Eye For Film >> Movies >> Senso (1954) Film Review
Visconti’s romantic tragedy is set in Venice in the spring of 1866 during the attempted occupation of Italy by Austria. It was also the director’s first step into lavish, period films which he later made his trademark having moved away from the neo-realism which typified his much earlier work.
The ultimately ill-fated love affair between Countess Livia Serpieri (Alida Valli) and the charming-yet-arrogant Austrian lieutenant Franz Mahler (Farley Granger) begins after a visit to the opera. It is here where the Countess’s cousin Roberto (Massimo Girotti) challenges the lieutenant to a duel; Roberto is then consequently arrested and exiled. The tragedy of war provides a moving backdrop to a somewhat heart-wrenching tale of a secretive affair.
Luchino Visconti later became known for his technically exquisite work behind the camera and Senso is wonderfully framed and lit with especially pleasing cinematography. Being a product of Italy’s golden age of cinema the picture is a grand example of the progression of film during the period and rests only inches behind the director's masterpiece The Leopard (1963).
In terms of themes and genre Senso is both pleasing and adored by the masses yet also a prevalent and important work in terms of the central issue of social and moral decline during the period. It is the same sordid debauchery that was also employed in his latter works such as Damned/Götterdammerung (1969).
Though first impressions may hint towards a simple matinee romance, Senso is subversive in the extreme. The central characters, when viewed through the harsh gaze of their turbulent and self-serving time, are revealed to be insipidly shallow making the fate of their affair all the more appropriate. Although Visconti’s Marxist leanings are proudly displayed the film has an undeniable honesty in its depiction of the two lovers. The sub-plot concerning Roberto’s rebellion against the Austrians was actually introduced by Visconti who downplayed the romance which was the central theme from the novella upon which the film is based.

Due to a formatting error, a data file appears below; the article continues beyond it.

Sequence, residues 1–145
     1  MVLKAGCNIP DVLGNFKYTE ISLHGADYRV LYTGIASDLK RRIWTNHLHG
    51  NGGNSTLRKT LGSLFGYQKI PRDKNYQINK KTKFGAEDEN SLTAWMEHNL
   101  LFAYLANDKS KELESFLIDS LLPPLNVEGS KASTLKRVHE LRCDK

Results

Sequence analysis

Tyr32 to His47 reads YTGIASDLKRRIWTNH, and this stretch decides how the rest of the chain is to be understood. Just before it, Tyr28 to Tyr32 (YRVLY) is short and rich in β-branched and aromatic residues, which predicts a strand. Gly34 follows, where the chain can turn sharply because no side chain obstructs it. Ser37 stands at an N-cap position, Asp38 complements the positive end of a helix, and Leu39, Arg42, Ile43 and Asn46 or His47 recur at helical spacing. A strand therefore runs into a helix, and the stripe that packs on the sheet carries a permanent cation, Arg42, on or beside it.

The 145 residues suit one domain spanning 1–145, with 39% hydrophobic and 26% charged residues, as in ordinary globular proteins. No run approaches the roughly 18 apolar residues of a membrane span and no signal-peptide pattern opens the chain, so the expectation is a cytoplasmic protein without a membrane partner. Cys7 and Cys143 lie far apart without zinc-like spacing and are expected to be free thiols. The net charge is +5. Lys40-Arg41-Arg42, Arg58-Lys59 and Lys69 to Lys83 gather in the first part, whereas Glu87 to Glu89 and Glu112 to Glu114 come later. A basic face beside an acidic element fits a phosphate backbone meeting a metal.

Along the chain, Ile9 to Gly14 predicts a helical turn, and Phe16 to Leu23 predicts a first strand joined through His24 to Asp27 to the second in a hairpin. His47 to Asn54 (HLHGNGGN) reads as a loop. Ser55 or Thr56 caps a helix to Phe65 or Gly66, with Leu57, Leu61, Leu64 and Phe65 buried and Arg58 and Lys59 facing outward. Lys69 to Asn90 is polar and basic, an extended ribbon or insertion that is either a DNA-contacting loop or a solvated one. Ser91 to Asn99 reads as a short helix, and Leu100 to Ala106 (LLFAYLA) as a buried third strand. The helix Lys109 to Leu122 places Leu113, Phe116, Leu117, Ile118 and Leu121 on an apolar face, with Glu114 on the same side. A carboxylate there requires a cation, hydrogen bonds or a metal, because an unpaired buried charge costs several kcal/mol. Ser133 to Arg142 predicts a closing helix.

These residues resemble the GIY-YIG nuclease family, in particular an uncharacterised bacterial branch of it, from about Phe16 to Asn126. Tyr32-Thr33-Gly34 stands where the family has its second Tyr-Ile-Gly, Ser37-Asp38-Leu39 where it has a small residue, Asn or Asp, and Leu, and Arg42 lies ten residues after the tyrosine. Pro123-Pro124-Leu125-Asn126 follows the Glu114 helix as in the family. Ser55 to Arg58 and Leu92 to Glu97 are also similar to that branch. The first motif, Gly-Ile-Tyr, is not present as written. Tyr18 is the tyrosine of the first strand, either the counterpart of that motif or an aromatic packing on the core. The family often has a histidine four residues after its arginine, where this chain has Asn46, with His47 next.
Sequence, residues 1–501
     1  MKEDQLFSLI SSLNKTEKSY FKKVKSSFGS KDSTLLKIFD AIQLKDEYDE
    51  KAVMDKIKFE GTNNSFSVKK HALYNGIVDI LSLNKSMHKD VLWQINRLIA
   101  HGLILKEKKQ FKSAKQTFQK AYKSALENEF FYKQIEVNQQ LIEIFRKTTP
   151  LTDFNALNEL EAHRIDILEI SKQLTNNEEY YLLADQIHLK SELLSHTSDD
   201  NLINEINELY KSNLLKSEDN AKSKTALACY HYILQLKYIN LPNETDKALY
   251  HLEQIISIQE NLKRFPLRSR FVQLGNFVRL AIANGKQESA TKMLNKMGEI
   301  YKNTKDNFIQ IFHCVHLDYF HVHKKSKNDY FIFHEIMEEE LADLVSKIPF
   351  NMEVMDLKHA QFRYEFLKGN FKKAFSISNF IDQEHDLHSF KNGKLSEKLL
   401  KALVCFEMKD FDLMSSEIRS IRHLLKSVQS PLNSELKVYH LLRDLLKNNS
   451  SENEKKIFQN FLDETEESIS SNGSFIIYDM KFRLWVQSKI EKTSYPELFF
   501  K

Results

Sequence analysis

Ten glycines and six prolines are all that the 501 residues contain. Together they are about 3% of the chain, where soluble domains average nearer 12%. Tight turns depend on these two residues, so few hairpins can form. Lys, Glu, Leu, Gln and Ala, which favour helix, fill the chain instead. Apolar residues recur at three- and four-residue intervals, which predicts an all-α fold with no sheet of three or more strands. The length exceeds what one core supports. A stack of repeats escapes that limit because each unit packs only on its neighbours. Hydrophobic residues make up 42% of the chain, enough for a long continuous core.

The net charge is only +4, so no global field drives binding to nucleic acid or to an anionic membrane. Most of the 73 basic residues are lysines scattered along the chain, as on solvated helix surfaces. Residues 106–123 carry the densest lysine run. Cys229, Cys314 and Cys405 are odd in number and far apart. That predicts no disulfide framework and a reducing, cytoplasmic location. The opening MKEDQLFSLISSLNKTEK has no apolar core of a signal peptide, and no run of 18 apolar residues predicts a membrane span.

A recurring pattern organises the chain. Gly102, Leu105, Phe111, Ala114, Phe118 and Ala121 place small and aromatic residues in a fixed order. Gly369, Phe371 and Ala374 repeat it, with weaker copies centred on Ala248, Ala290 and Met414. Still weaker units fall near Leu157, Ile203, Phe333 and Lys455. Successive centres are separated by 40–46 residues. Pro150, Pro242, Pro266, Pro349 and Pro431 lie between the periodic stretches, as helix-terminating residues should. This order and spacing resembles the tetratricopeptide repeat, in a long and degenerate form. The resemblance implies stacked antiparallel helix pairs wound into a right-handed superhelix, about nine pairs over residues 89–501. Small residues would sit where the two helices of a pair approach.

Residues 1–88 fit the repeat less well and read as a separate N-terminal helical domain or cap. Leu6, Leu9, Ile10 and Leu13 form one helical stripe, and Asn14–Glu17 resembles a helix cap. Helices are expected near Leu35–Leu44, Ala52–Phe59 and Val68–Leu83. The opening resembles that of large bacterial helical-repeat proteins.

The stark daring with which Visconti executes Senso is better appreciated when taking in to account the rough treatment it was given by censors at the time who insisted the original ending, where the Countess wanders the streets before being waylaid by soldiers, was re-shot. While the alternative ending may not have been the director’s ideal, it did at least serve to redress the moral balance.Reviewed on: 25 Nov 2007